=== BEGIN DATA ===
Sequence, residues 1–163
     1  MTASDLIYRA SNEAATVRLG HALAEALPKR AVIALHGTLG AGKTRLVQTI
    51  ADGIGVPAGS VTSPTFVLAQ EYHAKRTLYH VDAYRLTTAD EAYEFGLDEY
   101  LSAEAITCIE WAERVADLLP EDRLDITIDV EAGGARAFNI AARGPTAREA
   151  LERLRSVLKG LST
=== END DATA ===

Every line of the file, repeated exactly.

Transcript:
Sequence, residues 1–163
     1  MTASDLIYRA SNEAATVRLG HALAEALPKR AVIALHGTLG AGKTRLVQTI
    51  ADGIGVPAGS VTSPTFVLAQ EYHAKRTLYH VDAYRLTTAD EAYEFGLDEY
   101  LSAEAITCIE WAERVADLLP EDRLDITIDV EAGGARAFNI AARGPTAREA
   151  LERLRSVLKG LST